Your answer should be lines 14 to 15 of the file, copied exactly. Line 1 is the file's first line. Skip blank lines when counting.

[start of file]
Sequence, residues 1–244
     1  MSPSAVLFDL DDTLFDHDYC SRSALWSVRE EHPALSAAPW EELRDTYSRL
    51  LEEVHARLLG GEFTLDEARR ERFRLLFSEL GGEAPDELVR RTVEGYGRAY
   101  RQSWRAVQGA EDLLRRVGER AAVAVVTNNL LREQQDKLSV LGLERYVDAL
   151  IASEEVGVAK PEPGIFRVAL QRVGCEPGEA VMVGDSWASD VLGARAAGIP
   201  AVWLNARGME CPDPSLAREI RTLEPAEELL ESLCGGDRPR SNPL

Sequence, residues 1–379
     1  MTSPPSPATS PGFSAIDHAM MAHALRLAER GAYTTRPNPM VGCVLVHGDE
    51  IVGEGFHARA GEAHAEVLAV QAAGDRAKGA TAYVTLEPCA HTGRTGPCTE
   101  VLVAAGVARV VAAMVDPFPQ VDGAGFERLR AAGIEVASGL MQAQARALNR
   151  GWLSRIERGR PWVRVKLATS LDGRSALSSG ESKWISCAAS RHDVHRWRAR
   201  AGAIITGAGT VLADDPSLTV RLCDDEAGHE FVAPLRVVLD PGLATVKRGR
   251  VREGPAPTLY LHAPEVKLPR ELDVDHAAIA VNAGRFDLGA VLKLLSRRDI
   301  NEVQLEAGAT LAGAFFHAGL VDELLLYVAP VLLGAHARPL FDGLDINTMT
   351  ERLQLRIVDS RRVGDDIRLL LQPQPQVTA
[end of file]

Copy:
   301  NEVQLEAGAT LAGAFFHAGL VDELLLYVAP VLLGAHARPL FDGLDINTMT
   351  ERLQLRIVDS RRVGDDIRLL LQPQPQVTA